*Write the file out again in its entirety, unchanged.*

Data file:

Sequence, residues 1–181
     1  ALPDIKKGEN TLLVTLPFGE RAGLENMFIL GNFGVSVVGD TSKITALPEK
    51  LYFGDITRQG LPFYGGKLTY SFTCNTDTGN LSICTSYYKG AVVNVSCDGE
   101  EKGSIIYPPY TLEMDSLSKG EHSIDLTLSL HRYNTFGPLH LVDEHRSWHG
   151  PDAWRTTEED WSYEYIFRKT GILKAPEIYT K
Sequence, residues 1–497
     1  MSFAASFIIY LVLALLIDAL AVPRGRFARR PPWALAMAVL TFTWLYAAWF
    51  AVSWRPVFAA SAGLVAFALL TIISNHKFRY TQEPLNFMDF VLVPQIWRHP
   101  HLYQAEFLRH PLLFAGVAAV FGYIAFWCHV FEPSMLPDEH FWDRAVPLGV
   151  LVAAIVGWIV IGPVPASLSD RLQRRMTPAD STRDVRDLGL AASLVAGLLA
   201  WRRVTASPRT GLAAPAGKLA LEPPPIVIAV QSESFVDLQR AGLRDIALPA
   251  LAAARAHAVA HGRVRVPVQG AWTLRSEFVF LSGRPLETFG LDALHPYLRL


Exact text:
Sequence, residues 1–181
     1  ALPDIKKGEN TLLVTLPFGE RAGLENMFIL GNFGVSVVGD TSKITALPEK
    51  LYFGDITRQG LPFYGGKLTY SFTCNTDTGN LSICTSYYKG AVVNVSCDGE
   101  EKGSIIYPPY TLEMDSLSKG EHSIDLTLSL HRYNTFGPLH LVDEHRSWHG
   151  PDAWRTTEED WSYEYIFRKT GILKAPEIYT K
Sequence, residues 1–497
     1  MSFAASFIIY LVLALLIDAL AVPRGRFARR PPWALAMAVL TFTWLYAAWF
    51  AVSWRPVFAA SAGLVAFALL TIISNHKFRY TQEPLNFMDF VLVPQIWRHP
   101  HLYQAEFLRH PLLFAGVAAV FGYIAFWCHV FEPSMLPDEH FWDRAVPLGV
   151  LVAAIVGWIV IGPVPASLSD RLQRRMTPAD STRDVRDLGL AASLVAGLLA
   201  WRRVTASPRT GLAAPAGKLA LEPPPIVIAV QSESFVDLQR AGLRDIALPA
   251  LAAARAHAVA HGRVRVPVQG AWTLRSEFVF LSGRPLETFG LDALHPYLRL